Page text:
If you'd like to have at least eight federal agencies—and the Justice Department—investigating your firm, consider this approach.
Tensions between JPMorgan and its primary regulator were highlighted in a recent Senate report that examined the $6.2 billion trading loss. The report, by the Senate Permanent Subcommittee on Investigations, portrayed a somewhat defiant stance by Mr. Dimon, showing how during a brief period in August 2011 the chief executive stopped providing regulators with profit-and-loss reports about the investment bank.
Although the bank says Mr. Dimon was merely concerned about a security breach, the report says he took an adversarial tone with regulators, pushing them to explain why they needed that level of information. Mr. Dimon’s approach seemed to influence other executives, including one employee who once screamed at examiners and called them “stupid.”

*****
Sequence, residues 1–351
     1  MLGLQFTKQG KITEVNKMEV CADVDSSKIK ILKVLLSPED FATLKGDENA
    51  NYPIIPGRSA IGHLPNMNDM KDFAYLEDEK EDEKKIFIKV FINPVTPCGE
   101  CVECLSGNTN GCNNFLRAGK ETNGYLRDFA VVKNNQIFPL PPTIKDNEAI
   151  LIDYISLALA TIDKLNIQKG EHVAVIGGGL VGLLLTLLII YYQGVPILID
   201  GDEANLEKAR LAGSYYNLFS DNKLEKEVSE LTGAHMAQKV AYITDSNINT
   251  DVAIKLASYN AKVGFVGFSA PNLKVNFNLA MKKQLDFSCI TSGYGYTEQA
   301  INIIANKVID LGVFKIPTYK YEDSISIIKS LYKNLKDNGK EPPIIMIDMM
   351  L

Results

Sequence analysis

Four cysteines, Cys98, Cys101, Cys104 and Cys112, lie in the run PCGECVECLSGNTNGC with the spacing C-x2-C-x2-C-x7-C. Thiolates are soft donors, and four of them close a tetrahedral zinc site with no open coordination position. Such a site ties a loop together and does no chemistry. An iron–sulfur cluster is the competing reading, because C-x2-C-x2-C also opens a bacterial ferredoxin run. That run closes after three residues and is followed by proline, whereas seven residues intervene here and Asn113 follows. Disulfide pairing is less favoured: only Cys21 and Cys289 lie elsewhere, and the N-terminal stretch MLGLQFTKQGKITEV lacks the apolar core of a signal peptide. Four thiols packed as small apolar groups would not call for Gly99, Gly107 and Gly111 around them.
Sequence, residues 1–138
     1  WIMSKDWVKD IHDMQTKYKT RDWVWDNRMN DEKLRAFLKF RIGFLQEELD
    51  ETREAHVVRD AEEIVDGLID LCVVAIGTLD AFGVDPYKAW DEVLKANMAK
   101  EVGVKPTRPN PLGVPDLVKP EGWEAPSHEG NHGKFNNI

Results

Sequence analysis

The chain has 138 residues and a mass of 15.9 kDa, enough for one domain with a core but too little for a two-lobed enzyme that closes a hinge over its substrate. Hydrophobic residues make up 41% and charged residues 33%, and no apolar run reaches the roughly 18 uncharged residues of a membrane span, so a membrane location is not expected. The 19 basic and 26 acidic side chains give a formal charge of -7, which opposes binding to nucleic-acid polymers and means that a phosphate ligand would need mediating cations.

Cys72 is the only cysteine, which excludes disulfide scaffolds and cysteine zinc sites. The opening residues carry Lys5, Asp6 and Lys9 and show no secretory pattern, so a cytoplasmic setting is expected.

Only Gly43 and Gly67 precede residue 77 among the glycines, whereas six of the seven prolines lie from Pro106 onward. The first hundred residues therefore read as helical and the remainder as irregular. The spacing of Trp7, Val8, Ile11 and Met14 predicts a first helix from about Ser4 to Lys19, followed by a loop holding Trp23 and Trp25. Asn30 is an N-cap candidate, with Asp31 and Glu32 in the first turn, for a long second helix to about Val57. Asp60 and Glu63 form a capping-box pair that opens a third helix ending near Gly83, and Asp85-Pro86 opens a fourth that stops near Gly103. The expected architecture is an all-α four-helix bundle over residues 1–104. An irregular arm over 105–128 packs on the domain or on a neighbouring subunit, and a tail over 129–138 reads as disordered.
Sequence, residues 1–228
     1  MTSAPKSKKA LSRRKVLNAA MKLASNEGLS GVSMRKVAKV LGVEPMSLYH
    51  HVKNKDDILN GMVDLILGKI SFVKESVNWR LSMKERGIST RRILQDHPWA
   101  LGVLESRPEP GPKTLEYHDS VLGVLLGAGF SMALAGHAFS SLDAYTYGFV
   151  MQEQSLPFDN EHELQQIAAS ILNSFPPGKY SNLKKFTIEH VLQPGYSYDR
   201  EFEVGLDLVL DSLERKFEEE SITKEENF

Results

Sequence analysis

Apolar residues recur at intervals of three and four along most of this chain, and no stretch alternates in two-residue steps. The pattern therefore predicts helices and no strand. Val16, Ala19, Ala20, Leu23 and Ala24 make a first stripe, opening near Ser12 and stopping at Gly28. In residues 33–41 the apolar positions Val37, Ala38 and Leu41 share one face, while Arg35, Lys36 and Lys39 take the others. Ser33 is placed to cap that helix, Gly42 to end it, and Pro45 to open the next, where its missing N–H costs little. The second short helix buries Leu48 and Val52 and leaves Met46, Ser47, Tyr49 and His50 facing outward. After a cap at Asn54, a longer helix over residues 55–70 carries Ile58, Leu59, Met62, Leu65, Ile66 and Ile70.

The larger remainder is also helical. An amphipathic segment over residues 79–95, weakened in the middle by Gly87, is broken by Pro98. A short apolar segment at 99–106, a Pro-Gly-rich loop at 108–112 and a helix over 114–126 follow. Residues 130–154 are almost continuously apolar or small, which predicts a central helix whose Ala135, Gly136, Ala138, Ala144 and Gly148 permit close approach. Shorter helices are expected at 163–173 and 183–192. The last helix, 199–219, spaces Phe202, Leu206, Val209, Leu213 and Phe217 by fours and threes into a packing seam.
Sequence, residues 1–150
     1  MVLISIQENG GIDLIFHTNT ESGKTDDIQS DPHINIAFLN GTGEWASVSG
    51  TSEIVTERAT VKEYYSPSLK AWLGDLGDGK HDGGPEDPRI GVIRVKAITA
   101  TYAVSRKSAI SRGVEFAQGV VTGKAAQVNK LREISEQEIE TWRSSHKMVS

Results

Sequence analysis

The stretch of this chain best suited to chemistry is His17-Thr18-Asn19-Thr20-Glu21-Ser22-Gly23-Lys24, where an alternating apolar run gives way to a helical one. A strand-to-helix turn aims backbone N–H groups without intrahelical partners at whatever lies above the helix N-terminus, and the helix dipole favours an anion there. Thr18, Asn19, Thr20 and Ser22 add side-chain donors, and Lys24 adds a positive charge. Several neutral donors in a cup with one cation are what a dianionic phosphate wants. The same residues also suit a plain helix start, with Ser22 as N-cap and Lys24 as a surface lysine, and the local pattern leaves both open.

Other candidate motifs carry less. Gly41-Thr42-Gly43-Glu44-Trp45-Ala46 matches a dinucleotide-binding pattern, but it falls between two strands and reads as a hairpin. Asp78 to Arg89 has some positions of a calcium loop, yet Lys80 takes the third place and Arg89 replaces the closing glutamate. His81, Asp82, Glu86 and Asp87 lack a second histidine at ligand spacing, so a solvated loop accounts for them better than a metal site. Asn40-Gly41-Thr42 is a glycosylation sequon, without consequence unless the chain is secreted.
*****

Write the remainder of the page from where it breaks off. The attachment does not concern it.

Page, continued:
Those episodes, combined with the current investigations, are costing the bank some of its influence in Washington, according to government officials who would speak only anonymously. The legal problems also pose a test for Stephen M. Cutler, the bank’s general counsel, who is advocating for the bank to take a respectful approach with regulators.